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When it comes to power plays, humans are not alone. Power—or more specifically the quest to attain and maintain power—lies at the heart of almost all animal societies. The subtle, and often not-so-subtle, ways that animals seek power over those around them are astonishing and informative, both in and of themselves and because they provide an evolutionary window through which we can better understand behavioral dynamics in group-living species.

One of the most informative insights into power dynamics is seen in mongooses. Mongooses mostly live in Africa and have long and slender bodies and one fierce demeanor. They may be most famous for attacking cobras. What mongooses demonstrate to evolutionary biologists is that individuals can increase their own power via their group. Michael Cant has been studying mongooses for 25 years. With mongooses, he says, “Battle lines are not to be crossed. If they are, all hell breaks loose.” 

One day you see “peace and harmony and love … and then you go back the next day and all hell has broken loose.”

Cant, a professor of evolutionary biology at the University of Exeter in England leads a team of seven Ugandan assistants, supervised by Francis Mwanguhya. The scientists study banded mongooses in Queen Elizabeth National Park in Uganda. Not only do all the team members know all the animals, but some of the banded mongooses appear to know specific members of the research team.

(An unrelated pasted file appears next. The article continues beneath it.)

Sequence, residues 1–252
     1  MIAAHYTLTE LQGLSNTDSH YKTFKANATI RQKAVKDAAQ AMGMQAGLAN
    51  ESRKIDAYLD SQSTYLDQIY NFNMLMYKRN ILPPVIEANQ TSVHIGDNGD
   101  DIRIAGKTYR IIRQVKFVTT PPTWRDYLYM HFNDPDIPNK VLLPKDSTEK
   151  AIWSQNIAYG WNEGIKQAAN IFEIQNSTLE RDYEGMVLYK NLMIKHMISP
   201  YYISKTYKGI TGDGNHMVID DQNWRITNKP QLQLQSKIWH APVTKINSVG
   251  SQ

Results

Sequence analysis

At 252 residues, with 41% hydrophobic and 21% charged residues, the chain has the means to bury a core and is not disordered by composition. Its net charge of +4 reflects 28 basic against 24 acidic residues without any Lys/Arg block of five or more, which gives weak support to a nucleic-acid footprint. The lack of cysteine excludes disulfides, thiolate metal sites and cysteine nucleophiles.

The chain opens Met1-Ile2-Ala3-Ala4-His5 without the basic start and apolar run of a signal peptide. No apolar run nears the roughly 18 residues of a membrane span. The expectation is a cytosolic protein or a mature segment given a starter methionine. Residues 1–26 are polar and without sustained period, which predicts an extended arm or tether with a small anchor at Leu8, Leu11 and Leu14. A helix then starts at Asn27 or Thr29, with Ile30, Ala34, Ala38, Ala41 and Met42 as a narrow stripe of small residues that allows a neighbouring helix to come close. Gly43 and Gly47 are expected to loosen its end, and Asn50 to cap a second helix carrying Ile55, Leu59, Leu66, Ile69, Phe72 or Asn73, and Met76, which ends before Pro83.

“There was one female,” Mwanguhya says, who “did not like one of the researchers. Every time he turned up in the group, this particular female made a grumbling noise because this researcher had captured her group and [kept] them in the lab for [many hours before] releasing them.” Mongooses can hold a grudge with the best of them: Mwanguhya was beyond surprised when, after his colleague was away for more than a year, he was greeted with the same grunts from the same female mongoose upon his return.

Cant’s early work focused on why there was high reproductive skew in groups: why a few dominant females produced young while suppressing reproduction in other females. Soon he began to learn that “mongooses are always puzzling, always surprising, they do everything wrong. They keep us scratching our heads for all sorts of reasons.”

One of those reasons is that the dominant females in a group all give birth on the same day—indeed, on the very same morning. It happens on different days in different groups, but within groups the synchrony is astonishing. “You go there, and four or five females are massively pregnant and wobbling around,” Cant says. “Then the next morning … at eleven o’clock they emerge, all slim. We still don’t know how that [synchronization] happens.”

One of the other things that had him scratching his head, and ultimately led him to study between-group power scrums, was the periodic violent eviction of a subset of females from groups that were growing quickly. One day you see “peace and harmony and love and nibbling each other’s necks, and then you go back the next day and all hell has broken loose,” Cant says. “Some individuals, for reasons we don’t know, have been labeled evictees and they just get relentlessly attacked by everyone. It is primarily females attacking females, but once an animal has been marked for eviction, even the little pups will come along and join in the kicking. There is a mob psychology to it.”   

What started as an eviction had resulted in a full-fledged between-group power struggle.